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Based on the populist, anti-establishment wave that has propelled both men to unprecedented political heights, many Donald Trump supporters here in America have compared the Republican presumptive nominee to British “Brexit leader,” MEP (Member of the European Parliament), and longtime UK Independence Party leader Nigel Farage.
So, what does Mr. Farage think of Mr. Trump? Thankfully, CNN’s Richard Quest brought up the topic with Farage on Wednesday when he compared some of Trump’s rhetoric with UKIP positions.
“You are starting to sound like Donald Trump,” Quest told the British UKIP leader. “He admires the Brexit result. He said it was fantastic, it was brilliant. Do you admire Donald Trump in this US presidential election?”
“Well,” responded Farage. “Donald Trump dares to talk about things that other people want to brush under the carpet. But what Mr. Trump is doing in America is very different from what I’m trying to do in the United Kingdom.
My problem in politics is far greater than Donald Trump’s. We literally have lost our sovereignty, lost our borders, lost our ability to regulate…”
When told that Trump would likely say the same thing about America’s borders, Farage quickly responded with a key difference, “Well the problem that you’ve got in the US is illegal immigration. Our problem is legal immigration to half a billion people.”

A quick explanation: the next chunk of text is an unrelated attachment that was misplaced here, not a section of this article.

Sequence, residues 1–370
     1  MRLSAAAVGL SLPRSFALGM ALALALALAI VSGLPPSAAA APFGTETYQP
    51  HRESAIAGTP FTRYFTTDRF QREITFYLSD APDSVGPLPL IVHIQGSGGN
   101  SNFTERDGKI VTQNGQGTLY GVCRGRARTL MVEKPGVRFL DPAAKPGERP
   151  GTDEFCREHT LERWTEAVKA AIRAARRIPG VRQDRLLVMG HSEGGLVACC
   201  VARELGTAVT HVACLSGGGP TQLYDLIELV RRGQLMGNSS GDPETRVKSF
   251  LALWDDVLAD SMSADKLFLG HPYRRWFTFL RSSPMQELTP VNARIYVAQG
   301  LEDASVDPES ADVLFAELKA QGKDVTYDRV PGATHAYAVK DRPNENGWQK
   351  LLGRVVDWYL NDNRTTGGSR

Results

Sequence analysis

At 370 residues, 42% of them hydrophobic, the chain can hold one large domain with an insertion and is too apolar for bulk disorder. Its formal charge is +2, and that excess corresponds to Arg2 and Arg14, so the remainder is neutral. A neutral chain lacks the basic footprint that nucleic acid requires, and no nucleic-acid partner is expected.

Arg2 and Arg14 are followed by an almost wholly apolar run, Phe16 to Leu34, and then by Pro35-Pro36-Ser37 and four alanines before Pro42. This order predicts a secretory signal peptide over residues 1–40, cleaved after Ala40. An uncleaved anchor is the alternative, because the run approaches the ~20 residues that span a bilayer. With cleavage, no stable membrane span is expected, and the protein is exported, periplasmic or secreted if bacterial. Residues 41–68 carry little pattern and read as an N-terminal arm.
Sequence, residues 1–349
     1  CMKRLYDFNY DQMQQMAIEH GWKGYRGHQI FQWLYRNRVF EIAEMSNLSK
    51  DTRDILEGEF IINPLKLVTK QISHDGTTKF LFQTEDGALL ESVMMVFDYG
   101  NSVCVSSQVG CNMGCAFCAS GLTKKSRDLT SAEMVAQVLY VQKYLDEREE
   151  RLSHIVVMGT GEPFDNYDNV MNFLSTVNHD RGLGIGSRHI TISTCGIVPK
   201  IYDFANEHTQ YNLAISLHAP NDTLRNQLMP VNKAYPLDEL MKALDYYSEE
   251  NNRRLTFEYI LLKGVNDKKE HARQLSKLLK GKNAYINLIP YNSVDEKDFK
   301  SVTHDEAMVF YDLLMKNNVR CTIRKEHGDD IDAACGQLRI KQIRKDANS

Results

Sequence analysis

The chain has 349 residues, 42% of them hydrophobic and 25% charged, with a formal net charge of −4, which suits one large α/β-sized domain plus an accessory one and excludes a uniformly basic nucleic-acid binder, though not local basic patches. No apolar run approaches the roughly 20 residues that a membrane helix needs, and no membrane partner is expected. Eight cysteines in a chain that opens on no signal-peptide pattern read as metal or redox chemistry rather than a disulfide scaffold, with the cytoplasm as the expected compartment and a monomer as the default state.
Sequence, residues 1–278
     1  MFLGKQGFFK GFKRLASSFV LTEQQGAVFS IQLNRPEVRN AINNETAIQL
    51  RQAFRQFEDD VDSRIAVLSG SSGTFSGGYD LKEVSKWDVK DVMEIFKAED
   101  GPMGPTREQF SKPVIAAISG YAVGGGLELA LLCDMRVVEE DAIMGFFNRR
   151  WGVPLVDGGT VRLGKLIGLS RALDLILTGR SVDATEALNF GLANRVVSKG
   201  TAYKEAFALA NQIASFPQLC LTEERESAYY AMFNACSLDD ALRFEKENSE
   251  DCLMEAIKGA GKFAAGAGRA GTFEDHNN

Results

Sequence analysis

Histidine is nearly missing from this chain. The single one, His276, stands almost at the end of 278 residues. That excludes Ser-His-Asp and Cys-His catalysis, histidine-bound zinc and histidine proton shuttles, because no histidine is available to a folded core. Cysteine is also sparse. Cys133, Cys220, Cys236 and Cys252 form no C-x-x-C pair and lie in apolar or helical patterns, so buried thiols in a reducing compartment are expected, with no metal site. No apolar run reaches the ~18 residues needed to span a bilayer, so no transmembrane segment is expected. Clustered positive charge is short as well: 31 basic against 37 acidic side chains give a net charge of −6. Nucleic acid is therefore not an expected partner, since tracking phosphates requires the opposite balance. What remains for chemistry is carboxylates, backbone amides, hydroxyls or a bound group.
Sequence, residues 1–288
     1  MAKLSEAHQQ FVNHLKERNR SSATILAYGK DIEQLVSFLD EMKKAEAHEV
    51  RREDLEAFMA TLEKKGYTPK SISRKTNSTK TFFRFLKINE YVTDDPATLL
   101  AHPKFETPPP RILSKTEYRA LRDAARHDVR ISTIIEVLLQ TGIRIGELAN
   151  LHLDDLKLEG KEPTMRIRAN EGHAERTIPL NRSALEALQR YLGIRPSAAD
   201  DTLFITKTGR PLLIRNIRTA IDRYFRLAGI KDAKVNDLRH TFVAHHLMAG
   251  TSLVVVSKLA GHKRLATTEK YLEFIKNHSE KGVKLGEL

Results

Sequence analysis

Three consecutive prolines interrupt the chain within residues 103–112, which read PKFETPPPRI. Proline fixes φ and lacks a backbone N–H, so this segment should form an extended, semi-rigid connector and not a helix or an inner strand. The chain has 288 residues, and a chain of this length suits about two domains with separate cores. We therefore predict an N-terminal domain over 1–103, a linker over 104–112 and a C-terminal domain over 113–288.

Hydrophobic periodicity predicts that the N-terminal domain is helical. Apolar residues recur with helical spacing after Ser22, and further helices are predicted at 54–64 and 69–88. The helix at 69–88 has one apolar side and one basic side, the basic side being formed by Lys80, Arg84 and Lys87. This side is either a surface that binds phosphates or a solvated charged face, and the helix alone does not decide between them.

Indeed, the talking points of many conservatives who still want to remain politically correct runs along the lines of if we just had legal instead of illegal immigration things would be OK. What they don’t realize is that even legal immigration from the Third World, especially from Muslim countries whose cultures are incompatible with Western values, results in the exact same negative ramifications for the host country.
The real question is, at what point is any Western country ever allowed to say enough immigration is enough, period?
When asked which candidate he would prefer, Farage didn’t mince words, saying, “Well I think for the United Kingdom, I think Trump would be better for us than Barack Obama has been, of that there is no doubt.”
So, how about Hillary Clinton?
“There is nothing on Earth that could persuade me ever to vote for Hillary Clinton,” Farage told Quest, who then asked if Farage wanted to think about that.
“No, absolutely not. She represents the political elite. It’s almost as if she feels she has this sort of divine right to have that job.”
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